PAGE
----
Introduction

This is a first article in a series concentrated around feature engineering methods. Out of many different practical aspects of Machine Learning, feature engineering is at the same time one of the most important and yet the least defined one. It can be considered an art, where there are no strict rules and where creativity is the key.

Feature engineering is about creating better representation of information for machine learning model. Even when using non-linear algorithms, not all interactions (relations) between variables in the dataset can be modeled, if raw data is used. This creates a need for manual inspection, processing and data manipulation.

A question arises here - what about deep learning? It is supposed to minimize the need for manual processing and be able to learn a proper data representation by itself. For data such as images, speech or text, when no other ‘metadata’ is given, deep learning will perform better. In case of tabular data, nothing beats Gradient Boosted Trees methods, such as XGBoost or LightGBM. Machine learning competitions prove this - in almost every winning solution for tabular data tree-based model is the best, whereas deep learning models usually cannot achieve this good results (but they blend with trees very well ;).

Basis of feature engineering is domain knowledge. This is why approach to feature engineering should be different for every dataset, depending on the problem to be solved. Still, there are some methods which can be used widely or at least tried to check is they improve the model. Great amount of practical information can be found in HJ van Veen presentation. Some of the methods were implemented based on the slides and descriptions from the presentation.

Methods described in this article will use KaggleDays dataset as an example and are based on the above presentation.

Dataset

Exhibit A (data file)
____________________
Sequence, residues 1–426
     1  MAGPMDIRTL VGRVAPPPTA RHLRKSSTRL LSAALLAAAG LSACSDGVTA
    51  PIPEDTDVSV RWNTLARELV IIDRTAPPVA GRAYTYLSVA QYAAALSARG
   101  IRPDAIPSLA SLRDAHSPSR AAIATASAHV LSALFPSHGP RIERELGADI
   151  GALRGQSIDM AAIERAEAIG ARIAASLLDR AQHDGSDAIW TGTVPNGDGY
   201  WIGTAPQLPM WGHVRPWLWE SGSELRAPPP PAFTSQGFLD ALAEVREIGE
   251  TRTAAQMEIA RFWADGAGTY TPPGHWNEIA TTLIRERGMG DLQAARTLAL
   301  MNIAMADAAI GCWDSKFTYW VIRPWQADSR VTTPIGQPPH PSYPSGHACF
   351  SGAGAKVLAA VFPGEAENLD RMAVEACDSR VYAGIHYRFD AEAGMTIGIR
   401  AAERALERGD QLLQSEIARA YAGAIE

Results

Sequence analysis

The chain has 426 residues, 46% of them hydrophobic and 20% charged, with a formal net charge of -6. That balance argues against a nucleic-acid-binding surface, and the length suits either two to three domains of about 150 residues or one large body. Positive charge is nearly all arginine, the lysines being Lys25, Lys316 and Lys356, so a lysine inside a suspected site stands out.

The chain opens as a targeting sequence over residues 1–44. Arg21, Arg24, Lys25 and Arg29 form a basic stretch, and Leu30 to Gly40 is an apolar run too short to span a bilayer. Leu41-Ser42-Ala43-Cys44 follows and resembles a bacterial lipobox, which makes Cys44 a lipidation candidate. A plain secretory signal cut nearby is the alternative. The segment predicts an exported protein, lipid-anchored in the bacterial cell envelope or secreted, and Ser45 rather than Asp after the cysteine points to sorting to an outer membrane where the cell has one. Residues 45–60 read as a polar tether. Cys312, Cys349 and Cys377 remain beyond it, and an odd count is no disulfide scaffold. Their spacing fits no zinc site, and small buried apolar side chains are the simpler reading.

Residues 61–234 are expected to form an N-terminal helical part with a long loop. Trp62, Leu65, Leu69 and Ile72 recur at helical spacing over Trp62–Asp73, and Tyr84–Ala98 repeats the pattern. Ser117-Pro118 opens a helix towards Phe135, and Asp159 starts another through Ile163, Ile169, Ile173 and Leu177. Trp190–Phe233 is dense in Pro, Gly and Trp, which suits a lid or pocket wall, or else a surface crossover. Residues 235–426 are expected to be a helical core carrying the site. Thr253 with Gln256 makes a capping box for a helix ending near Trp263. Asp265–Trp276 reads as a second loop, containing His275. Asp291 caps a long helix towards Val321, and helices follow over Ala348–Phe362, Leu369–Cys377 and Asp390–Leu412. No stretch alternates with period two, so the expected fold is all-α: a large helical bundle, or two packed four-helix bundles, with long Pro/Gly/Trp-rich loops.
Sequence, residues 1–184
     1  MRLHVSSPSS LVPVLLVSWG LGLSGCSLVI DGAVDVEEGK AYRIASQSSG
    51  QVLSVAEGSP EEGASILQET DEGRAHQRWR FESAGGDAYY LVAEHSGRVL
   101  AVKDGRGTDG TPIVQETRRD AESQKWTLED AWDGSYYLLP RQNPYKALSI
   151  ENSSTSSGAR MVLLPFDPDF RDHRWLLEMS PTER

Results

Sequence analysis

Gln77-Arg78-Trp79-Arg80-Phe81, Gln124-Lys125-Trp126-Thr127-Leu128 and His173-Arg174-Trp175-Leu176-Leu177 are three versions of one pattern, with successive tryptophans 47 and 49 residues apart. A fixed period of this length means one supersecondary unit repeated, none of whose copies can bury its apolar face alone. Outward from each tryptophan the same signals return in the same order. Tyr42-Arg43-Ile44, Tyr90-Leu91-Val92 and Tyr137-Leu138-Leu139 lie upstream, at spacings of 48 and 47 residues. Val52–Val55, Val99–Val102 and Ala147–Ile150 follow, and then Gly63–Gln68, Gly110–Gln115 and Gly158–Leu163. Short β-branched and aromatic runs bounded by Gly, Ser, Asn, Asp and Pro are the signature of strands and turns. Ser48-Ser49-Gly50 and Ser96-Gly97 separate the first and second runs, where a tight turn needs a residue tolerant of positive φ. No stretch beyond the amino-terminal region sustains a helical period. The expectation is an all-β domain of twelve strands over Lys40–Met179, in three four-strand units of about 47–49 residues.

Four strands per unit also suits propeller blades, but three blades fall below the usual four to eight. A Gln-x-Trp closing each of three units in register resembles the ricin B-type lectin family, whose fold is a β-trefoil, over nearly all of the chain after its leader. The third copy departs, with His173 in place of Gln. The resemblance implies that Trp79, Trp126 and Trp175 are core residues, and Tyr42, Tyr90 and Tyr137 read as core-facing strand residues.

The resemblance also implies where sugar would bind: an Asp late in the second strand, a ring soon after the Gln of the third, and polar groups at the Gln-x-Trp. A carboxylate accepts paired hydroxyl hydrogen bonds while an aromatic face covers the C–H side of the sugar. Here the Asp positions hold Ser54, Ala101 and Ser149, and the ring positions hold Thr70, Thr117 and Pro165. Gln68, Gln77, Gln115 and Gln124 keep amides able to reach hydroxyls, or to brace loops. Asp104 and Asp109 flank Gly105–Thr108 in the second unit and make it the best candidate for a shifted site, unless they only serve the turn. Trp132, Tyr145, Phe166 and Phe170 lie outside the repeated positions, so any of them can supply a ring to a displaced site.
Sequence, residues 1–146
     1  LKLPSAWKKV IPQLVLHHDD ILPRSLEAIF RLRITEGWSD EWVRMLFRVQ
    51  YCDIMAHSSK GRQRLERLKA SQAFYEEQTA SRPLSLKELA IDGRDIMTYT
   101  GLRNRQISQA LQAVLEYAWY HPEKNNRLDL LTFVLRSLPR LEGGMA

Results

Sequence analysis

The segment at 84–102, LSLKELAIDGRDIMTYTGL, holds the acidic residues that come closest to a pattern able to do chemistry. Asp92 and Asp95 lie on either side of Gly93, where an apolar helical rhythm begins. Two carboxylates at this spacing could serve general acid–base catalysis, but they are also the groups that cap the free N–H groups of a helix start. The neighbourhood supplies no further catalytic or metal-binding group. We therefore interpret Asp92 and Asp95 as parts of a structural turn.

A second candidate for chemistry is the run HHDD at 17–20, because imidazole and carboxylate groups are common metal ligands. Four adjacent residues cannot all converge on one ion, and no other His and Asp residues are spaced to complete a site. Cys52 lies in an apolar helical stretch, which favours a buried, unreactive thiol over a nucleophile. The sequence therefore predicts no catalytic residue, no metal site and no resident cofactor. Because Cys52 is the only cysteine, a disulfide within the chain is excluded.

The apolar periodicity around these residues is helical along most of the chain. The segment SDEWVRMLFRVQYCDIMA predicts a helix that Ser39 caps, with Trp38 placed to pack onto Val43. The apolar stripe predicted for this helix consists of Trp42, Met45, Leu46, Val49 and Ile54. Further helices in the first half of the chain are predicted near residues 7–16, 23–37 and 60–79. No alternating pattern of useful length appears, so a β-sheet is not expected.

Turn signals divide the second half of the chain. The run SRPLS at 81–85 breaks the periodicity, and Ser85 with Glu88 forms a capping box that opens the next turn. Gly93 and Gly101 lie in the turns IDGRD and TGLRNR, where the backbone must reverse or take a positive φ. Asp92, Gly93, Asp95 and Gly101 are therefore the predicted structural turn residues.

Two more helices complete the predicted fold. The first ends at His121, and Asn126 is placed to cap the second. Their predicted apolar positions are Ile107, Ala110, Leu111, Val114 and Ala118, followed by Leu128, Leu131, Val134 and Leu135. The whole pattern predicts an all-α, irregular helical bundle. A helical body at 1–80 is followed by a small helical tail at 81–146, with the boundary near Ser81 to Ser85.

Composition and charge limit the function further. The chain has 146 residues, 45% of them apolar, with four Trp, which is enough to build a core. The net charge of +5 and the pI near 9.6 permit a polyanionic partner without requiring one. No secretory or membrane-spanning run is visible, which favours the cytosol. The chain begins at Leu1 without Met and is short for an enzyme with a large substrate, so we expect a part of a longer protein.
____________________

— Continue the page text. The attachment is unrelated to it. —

Data comes from reddit, it is a set of questions and answers to those questions. Goal of the competition was to predict number of upvotes on an answer. This dataset is especially interesting, because it consists both of text and standard features.

Loading the data can be done with:

X = pd.read_csv('../input/train.csv', sep="\t", index_col='id')

Columns:

['question_id',
 'subreddit',
 'question_utc',
 'question_text',
 'question_score',
 'answer_utc',
 'answer_text',
 'answer_score']

We are given a question_id, each corresponding to a specific question, which is found in question_text. Each question_id occurs many times, as each row contains a different answer to this question, which is given in answer_text. Datetime for both question and answer is provided in _utc columns. There is also information about a subreddit, in which the question was posted. Number of upvotes for question is question_score, for answer - answer_score. Target variable is the answer_score.

Categorical and numerical features

Machine learning models can deal only with numbers. Numerical (continuous, quantitative) variables - variables which may take any value within a finite or infinite interval are naturally represented as numbers, so can be directly used in a model. Situation is different for categorical variables, which are discrete and, like the name suggests, represent different categories. Raw categorical variables are usually in form of strings and need to be transformed before feeding them to the model.

Good example of categorical variable is subreddit, which contains 41 unique categories, of which five are as follows:

['AskReddit', 'Jokes', 'politics', 'explainlikeimfive', 'gaming']

Let’s take a look at the most popular categories with X.subreddit.value_counts()[:5]:

AskReddit    275667
politics     123003
news          42271
worldnews     40016
gaming        32117
Name: subreddit, dtype: int64

Numerical variable is question_score, which can be explored with X.question_score.describe():

mean        770.891169
std        3094.752794
min           1.000000
25%           2.000000
50%          11.000000
75%         112.000000
max       48834.000000
Name: question_score, dtype: float64

Categorical features encoding

Two basic methods of encoding are OneHot, which can be done with pandas.get_dummies. Result for variable with K categories is binary matrix of K columns, where 1 in i-th column indicates that observation belongs to i-th category.

Second basic method is Label encoding, where categories are simply transformed into numbers. This functionality is provided by pandas.factorize or with cat.codes for pandas column of category type. Using this method, original dimensionality is preserved.